Jen Taylor On How to Recover From Being a People Pleaser

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Keep learning about yourself. Do this in ways that are user-friendly for YOU. We are all different. I love to write, read, and research, but you may be more of a visual person, or you may learn by doing. Hint: go in the direction of what your soul hungers for. This is your soul telling you what it desires. If you can get quiet and listen, you can learn from yourself.

In today’s society, the tendency to prioritize others’ needs and expectations over one’s own can lead to significant emotional and psychological challenges. In this series, we would like to explore the complex dynamics of people-pleasing behavior and its impact on individual well-being and relationships. We would like to discuss the root causes of people-pleasing behavior, its effects on personal and professional life, and practical steps for cultivating healthier relationships and self-esteem. We hope that this series can provide insights, strategies, and real-life experiences that can help individuals navigate and overcome the pitfalls of being a people pleaser. As part of this series, we had the pleasure of interviewing Jen Taylor.

Jen Taylor is a New York-based spiritual psychotherapist with 22+ years of experience. Jen specializes in women’s empowerment, domestic violence, teens, and LGBTQIA+ individuals. Jen incorporates spirituality and astrology into her sessions to create a truly unique blend of guidance.

Jen was born and raised in New York City and lived there from preschool through high school. Instead of attending her prom, Jen went to boot camp in the Navy and received accreditation as a U.S. Naval photographer. Jen then received her Bachelor’s in Philosophy from Haverford College in Pennsylvania and studied abroad in Florence, Italy.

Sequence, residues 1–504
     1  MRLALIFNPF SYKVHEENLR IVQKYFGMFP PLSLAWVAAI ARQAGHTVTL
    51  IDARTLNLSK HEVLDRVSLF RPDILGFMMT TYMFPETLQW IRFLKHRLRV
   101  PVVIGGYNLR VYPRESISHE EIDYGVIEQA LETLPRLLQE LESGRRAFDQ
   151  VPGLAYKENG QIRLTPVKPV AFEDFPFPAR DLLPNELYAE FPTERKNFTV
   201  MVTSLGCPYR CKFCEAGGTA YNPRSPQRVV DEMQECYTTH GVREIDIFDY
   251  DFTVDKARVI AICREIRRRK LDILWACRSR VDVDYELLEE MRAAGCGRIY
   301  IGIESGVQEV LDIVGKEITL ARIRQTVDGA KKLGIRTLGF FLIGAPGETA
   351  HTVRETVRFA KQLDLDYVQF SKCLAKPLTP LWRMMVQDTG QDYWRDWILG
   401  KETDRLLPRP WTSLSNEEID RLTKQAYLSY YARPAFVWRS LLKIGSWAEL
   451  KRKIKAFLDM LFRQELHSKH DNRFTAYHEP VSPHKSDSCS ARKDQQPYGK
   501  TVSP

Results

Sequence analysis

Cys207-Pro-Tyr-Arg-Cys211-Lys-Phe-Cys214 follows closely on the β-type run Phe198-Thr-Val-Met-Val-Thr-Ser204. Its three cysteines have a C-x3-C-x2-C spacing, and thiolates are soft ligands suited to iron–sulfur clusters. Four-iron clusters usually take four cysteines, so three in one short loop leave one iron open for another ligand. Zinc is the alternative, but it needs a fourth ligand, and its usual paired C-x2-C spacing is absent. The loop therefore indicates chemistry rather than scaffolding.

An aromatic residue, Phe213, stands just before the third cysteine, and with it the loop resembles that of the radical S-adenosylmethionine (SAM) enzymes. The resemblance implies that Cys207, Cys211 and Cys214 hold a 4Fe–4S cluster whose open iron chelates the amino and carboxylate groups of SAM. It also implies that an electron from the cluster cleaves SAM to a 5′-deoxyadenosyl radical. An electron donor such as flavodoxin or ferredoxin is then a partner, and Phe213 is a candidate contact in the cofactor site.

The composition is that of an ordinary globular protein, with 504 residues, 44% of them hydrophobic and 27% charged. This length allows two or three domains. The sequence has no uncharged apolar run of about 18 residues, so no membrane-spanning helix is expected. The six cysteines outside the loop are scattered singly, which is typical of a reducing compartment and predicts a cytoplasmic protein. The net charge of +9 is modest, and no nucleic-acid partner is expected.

Jen spent her early 20s working in the advertising office of Italian Vogue located in New York City before enrolling in Fordham University’s Graduate School of Social Service. In 1999, Jen received her Master’s degree in social work while pregnant with her first child, Giancarlo. Jen then worked in various outpatient mental health clinics in New York City. In 2007, she had her second child, Elisabetta.

Jen loves traveling, photography, writing, having coffee with friends, languages, problem-solving, and being a mom. She has private psychotherapy and Reiki healing practices, both of which she practices remotely and in person. Jen is a best-selling author; her first published collaboration was in October 2021 with Goddess Rising. Dare to Dream is her second collaborative publication. The first volume of Jen’s solo book series, Letters to Myself: Self-harm & Suicide, was released in 2023 as an international best-seller on Amazon (Elite Publishing House).

Thank you so much for your time! I know that you are a very busy person. Our readers would love to “get to know you” a bit better. Can you tell us your “Origin Story”? Can you tell us the story of how you grew up?

I grew up on the Upper West Side of Manhattan in the mid-sixties. Those of you who know the neighborhood may not have known it back then. We were not allowed to walk our dog on Amsterdam Avenue, as it was deemed “not safe.” Now, it is very bougie and comparable in rent to the Upper East Side. I am the youngest of four children and the only girl. My parents were teachers, and I grew up in a well-educated, middle-class family. My birthday is New Year’s Eve, and although my parents were not wealthy, they both tutored kids privately to save money to take us on vacation. Because my birthday falls during the holiday break, we would often celebrate in interesting foreign locales like The Canary Islands, Romania, Cuba, and Jamaica or on a cruise. My mother was fiercely independent in many ways and much ahead of her time. Although my parents were both very liberal in many ways and I was allowed from a young age to have my friends (male and female) over to stay, have my first cigarette and alcoholic drink at home, and have my first intimate adventures (including sixteen high school friends sleeping in my living room after the Simon & Garfunkel concert in Central Park in 1981), my father was a gentle alcoholic and I became well-versed in “people-pleasing” at a young age. The root of living in an addictive household is codependency, which would teach me some difficult lessons and forge challenging trails to get to where I am today.

Can you tell us a bit about what you do professionally, and what brought you to this specific career path?